It makes no sense for senior housing operators and front-line caregivers simply to wait on the sidelines until something goes wrong. Heart attacks, strokes and a host of other potential negative health events can be anticipated and even prevented with the judicious use of technology, especially remote monitoring.
Over recent years, many healthcare and senior living communities have begun to use remote patient monitoring, and it’s no wonder. Remote patient monitoring can help improve resident health and wellness, increase efficiency of care, lower costs, prevent readmissions, prevent injury, and improve resident satisfaction, to name a few of the benefits.
Having spent decades caring for others, it is hardly surprising to discover that in their later years, older adults want to care for themselves. While age may put some limitations on one’s activities, seniors still expect autonomy, independence, the ability to manage and govern their own daily tasks.
One question we’re commonly asked is, “Is remote monitoring and passive monitoring the same thing?” Like the terminology of any rapidly advancing technology, the nomenclature of senior living tech can be slightly mystifying to those exploring it for the first time. Yet, with just a little learning, the fog clears and the terms make more sense.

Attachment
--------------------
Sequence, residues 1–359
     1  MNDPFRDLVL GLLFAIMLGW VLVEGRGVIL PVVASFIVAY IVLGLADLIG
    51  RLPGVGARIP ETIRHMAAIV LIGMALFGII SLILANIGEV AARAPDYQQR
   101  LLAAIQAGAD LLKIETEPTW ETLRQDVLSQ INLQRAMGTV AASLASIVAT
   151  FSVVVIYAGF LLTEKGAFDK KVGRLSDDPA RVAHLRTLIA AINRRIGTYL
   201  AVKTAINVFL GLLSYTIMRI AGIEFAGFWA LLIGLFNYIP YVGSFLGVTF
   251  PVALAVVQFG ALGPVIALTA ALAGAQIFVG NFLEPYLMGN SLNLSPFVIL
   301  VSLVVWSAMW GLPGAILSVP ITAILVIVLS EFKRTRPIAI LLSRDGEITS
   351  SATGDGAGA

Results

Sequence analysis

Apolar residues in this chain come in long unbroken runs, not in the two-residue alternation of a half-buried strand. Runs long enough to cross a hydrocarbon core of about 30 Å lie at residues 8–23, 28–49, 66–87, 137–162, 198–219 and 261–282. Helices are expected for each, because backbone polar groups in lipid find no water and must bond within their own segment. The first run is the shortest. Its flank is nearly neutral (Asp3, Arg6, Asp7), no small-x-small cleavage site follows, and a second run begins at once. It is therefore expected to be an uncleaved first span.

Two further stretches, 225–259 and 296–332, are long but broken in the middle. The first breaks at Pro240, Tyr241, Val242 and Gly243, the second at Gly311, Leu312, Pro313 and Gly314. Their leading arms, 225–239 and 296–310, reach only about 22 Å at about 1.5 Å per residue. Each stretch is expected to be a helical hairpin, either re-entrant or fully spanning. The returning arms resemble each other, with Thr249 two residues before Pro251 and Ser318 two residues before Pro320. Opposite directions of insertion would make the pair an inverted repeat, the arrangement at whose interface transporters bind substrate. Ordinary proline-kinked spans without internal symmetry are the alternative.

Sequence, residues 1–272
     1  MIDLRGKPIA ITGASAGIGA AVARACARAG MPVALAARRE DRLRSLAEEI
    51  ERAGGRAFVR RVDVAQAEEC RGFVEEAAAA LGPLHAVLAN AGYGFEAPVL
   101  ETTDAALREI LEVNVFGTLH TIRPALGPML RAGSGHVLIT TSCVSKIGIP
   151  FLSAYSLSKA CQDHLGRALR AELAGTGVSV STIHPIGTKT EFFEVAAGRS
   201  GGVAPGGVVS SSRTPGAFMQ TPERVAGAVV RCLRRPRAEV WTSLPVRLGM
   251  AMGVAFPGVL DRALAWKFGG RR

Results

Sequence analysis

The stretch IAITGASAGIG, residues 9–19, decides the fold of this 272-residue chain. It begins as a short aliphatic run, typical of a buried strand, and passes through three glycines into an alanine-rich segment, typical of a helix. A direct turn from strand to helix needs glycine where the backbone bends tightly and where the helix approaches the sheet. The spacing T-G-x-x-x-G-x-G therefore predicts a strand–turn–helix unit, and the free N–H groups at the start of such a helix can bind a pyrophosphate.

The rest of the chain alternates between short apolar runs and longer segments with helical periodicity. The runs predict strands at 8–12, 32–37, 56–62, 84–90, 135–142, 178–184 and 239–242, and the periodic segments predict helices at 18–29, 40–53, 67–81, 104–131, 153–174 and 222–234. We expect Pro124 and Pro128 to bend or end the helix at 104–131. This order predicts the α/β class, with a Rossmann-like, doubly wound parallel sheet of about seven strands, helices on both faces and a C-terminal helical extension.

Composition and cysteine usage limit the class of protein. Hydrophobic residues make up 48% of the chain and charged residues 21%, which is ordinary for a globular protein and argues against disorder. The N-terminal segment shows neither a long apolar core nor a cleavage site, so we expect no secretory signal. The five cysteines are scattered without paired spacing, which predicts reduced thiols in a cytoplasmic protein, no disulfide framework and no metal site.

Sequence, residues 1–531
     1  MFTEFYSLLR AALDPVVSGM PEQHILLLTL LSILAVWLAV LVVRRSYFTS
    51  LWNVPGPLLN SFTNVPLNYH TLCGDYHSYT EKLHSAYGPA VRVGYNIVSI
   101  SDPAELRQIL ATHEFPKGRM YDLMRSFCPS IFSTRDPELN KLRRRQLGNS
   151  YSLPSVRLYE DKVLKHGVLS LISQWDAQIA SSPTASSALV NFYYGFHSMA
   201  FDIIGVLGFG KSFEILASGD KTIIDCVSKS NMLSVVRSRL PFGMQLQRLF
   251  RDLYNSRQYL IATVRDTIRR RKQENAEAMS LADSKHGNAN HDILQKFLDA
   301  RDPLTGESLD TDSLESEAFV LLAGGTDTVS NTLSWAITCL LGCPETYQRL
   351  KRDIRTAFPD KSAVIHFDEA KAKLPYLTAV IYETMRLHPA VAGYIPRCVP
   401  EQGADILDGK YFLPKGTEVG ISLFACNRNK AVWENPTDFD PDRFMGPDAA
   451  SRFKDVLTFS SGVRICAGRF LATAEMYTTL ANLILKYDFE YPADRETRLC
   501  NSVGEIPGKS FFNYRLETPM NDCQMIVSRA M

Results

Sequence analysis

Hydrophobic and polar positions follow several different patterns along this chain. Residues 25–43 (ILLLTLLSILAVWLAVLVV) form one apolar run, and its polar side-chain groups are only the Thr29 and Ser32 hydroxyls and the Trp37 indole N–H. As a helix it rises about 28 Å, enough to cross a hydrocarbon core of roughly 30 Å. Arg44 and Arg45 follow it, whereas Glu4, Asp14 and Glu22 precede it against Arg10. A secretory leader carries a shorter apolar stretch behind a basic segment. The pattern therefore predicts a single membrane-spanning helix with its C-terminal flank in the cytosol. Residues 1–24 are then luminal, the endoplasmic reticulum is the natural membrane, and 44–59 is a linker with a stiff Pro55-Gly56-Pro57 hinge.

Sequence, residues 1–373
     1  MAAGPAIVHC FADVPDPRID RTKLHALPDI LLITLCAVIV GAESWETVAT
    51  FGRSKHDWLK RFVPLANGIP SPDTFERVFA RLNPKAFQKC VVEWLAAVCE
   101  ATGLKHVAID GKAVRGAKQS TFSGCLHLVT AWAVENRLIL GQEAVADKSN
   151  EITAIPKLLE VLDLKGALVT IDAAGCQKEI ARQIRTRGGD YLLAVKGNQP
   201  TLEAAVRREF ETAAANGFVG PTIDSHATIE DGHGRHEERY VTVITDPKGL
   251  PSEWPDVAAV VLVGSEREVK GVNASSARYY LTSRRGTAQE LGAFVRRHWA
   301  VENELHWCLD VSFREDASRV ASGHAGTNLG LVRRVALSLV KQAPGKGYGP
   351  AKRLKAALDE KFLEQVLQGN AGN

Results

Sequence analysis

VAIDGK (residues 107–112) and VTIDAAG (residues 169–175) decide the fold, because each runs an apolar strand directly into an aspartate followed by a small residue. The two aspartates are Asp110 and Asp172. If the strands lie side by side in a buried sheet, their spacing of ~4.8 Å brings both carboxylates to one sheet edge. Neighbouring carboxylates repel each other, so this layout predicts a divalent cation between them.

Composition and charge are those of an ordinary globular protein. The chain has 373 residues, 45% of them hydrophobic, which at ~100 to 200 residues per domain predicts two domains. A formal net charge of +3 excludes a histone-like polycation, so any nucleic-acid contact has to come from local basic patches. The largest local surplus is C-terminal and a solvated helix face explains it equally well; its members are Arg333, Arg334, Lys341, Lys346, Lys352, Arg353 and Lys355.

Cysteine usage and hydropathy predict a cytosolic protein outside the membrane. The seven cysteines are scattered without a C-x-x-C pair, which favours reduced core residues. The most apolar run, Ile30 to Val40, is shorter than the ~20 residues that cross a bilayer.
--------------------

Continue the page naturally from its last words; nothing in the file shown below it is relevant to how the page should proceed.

An enduring fact of memory care is that person-to-person care from compassionate, knowledgeable staff is key. But nearly every other aspect of memory care operations and therapy can be enhanced with technology.
The American healthcare landscape is changing fast, and healthcare data solutions are rapidly becoming both an opportunity and a necessity for the senior living space.
Every day, senior care directors are expected to make more out of less. They are expected to improve care, even while resources are dwindling. But healthcare data can change all that. By using artificial intelligence solutions such as vital sign and fall prevention monitoring, data can be collected and shared on a larger scale than ever before and improvement can be taken to new heights.
The future of senior resident safety & well being lies in technology that not only detects health emergencies, but prevents them from occurring. Learn about the various remote monitoring technologies that can improve resident safety and well being, as well as how to choose the best solutions for your senior living organizations.
Senior care communities know that one of the biggest threats to senior independence or the opportunity to age in place is falling. For older adults over the age of 65, falls can lead to negative health and emotional outcomes. According to the CDC, falls in older adults can lead to fractures, traumatic brain injuries (TBI), or a fear of falling again that leads to decreased mobility and range of motion.